What BP Doesn’t Want You to Know About the 2010 Gulf Spill

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posted on Apr, 29 2013 @ 01:38 AM
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"It’s as safe as Dawn dishwashing liquid.” That’s what Jamie Griffin says the BP man told her about the smelly, rainbow-streaked gunk coating the floor of the “floating hotel” where Griffin was feeding hundreds of cleanup workers during the BP oil disaster in the Gulf of Mexico. Apparently, the workers were tracking the gunk inside on their boots. Griffin, as chief cook and maid, was trying to clean it. But even boiling water didn’t work.





“The BP representative said, ‘Jamie, just mop it like you’d mop any other dirty floor,’” Griffin recalls in her Louisiana drawl.





Griffin did as she was told: “I tried Pine-Sol, bleach, I even tried Dawn on those floors.” As she scrubbed, the mix of cleanser and gunk occasionally splashed onto her arms and face. Within days, the 32-year-old single mother was coughing up blood and suffering constant headaches. She lost her voice. “My throat felt like I’d swallowed razor blades,” she says.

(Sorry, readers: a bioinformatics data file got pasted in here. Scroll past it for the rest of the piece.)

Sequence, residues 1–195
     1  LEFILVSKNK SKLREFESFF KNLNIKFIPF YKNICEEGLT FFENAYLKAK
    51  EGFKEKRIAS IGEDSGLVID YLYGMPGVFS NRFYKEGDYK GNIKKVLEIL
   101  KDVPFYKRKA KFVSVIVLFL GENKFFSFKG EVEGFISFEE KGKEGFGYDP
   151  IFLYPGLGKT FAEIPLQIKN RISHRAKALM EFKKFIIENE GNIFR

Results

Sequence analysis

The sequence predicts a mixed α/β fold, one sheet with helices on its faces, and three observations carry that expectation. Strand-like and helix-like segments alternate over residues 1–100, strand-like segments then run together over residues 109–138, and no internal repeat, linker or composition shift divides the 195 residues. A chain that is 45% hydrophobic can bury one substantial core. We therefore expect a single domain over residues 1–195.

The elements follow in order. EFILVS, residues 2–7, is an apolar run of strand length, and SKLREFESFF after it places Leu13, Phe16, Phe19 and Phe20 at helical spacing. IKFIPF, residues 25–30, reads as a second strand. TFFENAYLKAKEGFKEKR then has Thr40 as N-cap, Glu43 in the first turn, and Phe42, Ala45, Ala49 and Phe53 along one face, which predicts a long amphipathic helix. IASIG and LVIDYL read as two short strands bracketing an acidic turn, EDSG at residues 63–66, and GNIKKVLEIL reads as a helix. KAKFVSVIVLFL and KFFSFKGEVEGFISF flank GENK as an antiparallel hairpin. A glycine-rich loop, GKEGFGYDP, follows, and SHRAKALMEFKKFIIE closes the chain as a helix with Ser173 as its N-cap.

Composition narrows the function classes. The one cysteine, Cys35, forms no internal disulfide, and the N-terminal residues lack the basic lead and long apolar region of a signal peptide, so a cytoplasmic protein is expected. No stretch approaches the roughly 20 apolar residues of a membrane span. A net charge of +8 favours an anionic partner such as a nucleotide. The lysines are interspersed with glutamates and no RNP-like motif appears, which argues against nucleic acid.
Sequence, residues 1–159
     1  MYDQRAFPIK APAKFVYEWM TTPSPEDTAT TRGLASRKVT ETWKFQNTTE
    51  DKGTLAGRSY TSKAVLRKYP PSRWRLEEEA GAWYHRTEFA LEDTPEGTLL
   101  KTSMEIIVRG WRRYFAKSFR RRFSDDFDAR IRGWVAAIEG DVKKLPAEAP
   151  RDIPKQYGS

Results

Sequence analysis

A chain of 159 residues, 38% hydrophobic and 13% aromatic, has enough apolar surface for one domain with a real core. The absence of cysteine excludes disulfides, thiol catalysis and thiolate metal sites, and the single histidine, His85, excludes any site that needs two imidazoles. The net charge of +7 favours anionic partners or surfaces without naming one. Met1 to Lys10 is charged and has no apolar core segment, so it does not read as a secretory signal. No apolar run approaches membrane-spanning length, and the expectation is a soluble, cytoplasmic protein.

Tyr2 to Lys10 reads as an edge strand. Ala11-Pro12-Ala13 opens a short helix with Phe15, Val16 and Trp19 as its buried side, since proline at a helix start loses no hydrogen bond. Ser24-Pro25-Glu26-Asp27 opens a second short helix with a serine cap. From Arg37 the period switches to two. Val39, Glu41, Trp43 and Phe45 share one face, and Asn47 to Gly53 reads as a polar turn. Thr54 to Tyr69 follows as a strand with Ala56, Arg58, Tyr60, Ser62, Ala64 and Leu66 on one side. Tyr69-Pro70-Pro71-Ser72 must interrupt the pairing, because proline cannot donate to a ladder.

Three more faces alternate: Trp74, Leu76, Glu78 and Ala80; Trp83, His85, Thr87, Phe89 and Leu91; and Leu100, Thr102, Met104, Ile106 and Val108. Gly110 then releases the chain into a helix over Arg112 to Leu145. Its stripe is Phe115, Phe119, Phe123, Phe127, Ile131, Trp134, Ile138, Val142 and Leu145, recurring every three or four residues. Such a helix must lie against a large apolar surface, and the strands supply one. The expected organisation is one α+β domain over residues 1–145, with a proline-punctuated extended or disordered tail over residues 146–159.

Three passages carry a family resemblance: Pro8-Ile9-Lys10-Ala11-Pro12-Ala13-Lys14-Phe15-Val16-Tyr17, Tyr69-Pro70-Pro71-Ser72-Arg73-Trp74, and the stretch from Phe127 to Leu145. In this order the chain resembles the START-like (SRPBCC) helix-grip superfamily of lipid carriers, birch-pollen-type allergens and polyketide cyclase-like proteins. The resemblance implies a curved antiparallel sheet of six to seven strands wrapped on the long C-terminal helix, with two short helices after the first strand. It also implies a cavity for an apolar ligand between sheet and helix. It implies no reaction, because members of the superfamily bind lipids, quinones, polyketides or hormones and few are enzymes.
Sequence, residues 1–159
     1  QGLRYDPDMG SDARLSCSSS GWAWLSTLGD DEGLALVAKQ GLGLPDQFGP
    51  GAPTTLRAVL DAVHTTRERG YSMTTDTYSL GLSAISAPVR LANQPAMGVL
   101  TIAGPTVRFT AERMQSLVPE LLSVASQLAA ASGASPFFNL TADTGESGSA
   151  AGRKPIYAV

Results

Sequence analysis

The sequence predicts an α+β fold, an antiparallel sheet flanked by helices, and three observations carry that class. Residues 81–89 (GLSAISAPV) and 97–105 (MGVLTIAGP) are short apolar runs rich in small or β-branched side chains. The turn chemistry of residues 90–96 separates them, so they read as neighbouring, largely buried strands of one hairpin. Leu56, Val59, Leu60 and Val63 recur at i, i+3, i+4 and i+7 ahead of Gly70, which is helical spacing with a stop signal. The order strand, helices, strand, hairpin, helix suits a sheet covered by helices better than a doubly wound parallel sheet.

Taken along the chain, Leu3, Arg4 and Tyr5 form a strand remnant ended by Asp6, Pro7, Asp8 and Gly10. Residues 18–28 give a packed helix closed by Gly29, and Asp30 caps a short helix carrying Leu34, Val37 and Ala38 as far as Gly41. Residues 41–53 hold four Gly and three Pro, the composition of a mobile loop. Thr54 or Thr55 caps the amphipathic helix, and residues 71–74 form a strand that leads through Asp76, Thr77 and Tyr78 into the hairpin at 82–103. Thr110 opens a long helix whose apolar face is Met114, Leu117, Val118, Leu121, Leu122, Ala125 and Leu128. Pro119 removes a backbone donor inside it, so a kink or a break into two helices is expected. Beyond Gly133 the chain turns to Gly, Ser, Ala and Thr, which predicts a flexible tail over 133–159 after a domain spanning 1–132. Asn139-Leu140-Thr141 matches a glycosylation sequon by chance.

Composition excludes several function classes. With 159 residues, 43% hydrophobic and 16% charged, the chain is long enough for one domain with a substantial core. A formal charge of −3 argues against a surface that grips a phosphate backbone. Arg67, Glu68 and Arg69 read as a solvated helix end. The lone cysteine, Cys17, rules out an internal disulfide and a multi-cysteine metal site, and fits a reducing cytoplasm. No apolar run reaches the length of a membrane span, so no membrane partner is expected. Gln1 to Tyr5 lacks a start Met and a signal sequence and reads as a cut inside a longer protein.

Then things got much worse. Like hundreds, possibly thousands, of workers on the cleanup, Griffin soon fell ill with a cluster of excruciating, bizarre, grotesque ailments. By July, unstoppable muscle spasms were twisting her hands into immovable claws. In August, she began losing her short-term memory. After cooking professionally for 10 years, she couldn’t remember the recipe for vegetable soup; one morning, she got in the car to go to work, only to discover she hadn’t put on pants.

The right side, but only the right side, of her body “started acting crazy. It felt like the nerves were coming out of my skin. It was so painful. My right leg swelled—my ankle would get as wide as my calf—and my skin got incredibly itchy.”